Tuesday, September 7, 2010

Is Music Important In your Life?

The earliest thing I can remember in my long life is hearing my family talking, loudly, laughing. loudly and in the background,  music playing. I grew up with the radio always tuned on, except of course when my Uncle who lived with us and worked in night clubs, was in bed asleep. The minute he got up the radio was tuned into WNEW (in those days no AM or FM), Martin Block's "Make Believe Ballroom", twice a day, at night William B. Williams until midnight then Art Ford's "Milkman's Matinee". WINS had Jack Lacy, "Opus 1" was his theme song. Our house was filled with music from Benny Goodman, Woody Herman and Harry James and the vocalist were very young Frank Sinatra, Perry Como, Dick Haymes and Andy Russell who later became an icon in Mexico. Bing Crosby was the elder statesman and the arguments on the streets outside were about who was better Crosby or that skinny guy that the girls screamed over and fell down at his feet. Most of the guys were really jealous of Sinatra. On Saturday Texaco would bring the matinee performance of the Metropolitan Opera. I really didn't listen to all of it and made believe I didn't like it because all of my boy friends made fun of the Italians hitting the high notes, loudly, but I was really impressed with what I did hear. Yes we had the radio but we also had the Victrola. We could buy our vinyl 78 RPM records, handle them carefully or they'd break or scratch, and pile ten on a spindle and listen to our favorite music, vocalists, musicians. We learned to dance to our Victrolas playing our collections.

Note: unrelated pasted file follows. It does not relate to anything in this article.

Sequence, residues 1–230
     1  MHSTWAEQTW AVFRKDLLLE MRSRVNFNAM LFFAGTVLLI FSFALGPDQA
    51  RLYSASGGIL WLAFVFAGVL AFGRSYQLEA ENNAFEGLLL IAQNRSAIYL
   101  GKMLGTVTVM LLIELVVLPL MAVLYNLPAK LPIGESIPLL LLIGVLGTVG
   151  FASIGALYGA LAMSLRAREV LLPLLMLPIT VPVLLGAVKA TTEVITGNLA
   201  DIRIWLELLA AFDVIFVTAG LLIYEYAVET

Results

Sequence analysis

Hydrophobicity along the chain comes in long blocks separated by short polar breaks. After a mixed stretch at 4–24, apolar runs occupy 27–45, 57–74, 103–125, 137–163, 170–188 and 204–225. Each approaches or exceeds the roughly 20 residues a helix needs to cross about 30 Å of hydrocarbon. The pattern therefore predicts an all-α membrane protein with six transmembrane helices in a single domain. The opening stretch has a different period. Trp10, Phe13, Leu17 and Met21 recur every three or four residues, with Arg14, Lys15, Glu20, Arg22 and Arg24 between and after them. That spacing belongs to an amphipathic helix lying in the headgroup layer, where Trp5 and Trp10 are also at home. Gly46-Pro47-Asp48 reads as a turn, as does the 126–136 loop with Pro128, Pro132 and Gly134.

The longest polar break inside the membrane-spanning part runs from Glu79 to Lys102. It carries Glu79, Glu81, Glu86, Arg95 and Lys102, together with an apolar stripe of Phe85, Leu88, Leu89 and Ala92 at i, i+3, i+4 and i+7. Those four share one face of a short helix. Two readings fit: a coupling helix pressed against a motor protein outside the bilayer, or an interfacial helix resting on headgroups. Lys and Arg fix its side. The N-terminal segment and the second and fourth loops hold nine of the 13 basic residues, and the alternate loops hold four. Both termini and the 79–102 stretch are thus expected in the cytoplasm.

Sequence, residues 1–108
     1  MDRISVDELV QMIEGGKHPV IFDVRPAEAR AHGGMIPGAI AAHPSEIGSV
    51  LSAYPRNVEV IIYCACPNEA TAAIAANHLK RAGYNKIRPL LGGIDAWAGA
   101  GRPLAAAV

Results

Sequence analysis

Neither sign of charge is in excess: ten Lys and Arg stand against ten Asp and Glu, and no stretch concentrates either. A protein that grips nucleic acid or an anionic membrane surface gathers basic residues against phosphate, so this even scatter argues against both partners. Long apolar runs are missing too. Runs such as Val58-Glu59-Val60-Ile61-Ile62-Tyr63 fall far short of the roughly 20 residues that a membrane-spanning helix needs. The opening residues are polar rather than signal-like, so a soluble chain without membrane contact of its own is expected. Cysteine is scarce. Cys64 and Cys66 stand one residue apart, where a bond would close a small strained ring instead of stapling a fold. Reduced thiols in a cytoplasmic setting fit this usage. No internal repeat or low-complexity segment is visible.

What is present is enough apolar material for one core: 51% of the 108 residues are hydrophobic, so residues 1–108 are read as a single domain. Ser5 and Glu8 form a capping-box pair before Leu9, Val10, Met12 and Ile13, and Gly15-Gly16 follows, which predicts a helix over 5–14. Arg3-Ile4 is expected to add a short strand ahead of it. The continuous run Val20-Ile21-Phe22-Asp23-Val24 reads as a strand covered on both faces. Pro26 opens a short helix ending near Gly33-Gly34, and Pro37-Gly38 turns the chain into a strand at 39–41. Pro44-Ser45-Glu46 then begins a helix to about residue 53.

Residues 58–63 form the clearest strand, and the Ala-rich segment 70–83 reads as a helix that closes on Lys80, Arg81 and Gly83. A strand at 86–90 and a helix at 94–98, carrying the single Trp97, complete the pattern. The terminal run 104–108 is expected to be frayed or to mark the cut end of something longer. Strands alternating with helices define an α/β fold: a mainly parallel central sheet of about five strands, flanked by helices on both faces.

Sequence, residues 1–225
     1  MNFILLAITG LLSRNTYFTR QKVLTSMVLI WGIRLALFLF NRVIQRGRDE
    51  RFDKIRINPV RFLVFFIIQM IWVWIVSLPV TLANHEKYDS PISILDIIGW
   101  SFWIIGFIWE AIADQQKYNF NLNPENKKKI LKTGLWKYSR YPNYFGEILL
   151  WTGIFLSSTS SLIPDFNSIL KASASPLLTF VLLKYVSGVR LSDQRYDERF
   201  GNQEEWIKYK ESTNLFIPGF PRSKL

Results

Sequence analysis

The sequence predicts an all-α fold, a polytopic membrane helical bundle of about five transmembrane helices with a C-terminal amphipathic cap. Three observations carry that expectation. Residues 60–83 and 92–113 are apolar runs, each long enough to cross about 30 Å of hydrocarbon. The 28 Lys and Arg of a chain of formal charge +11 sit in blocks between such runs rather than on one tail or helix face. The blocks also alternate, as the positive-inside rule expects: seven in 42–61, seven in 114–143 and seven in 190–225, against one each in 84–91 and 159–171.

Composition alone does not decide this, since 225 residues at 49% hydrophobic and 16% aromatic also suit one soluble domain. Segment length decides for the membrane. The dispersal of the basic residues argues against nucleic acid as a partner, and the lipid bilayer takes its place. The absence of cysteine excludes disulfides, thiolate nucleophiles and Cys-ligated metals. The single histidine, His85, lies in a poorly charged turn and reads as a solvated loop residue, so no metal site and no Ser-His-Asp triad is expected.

The best thing about our music is that it could lift you up or help you fall into the deepest of despair.  Of course this is all different at different ages. During WW II just the sound of Glen Miller's band would send the rush of patriotism rushing through your veins. Sinatra's "The House I live In" focused a nation on brotherhood regardless of differences when a nation really didn't want to think of such things. When we were a little older and a love affair bit the dust, again Sinatra's groaning of "Set them up Joe...." only made us feel the loneliness of a young love grown old before its time. Yes the music followed us into the bars as we poured our quarters into the juke box to be elated or to drown our tears in our beers. Jackie Gleason's "Music For Lovers Only" with the hauntingly beautiful Trumpet of Bobby Hacket let many a couple taste the sweetness of a lovingly hungry kiss as they swayed on the dance floor. Yes music can lift your spirits to soaring and then help dash them upon the rocks of lost loves and desires. All this transmitted through the boxes we call radio, Victrolas and Juke Boxes. While it works its magic we can be whoever the music inspires us to be. Music is truly an artistic form and art can make us aware that greater things than only the mundane can be ours,  transforming us into people we really want to be even, if only for a little while.

"On Listening When The Music Plays"

The Sax is soulful
The Trumpet Blares
Sound sucks me into the box with no face

Sound enters through head side holes
And looks out through head front holes

AND

All around all people see
The outside
Which isn't really me

Ain't music great!  
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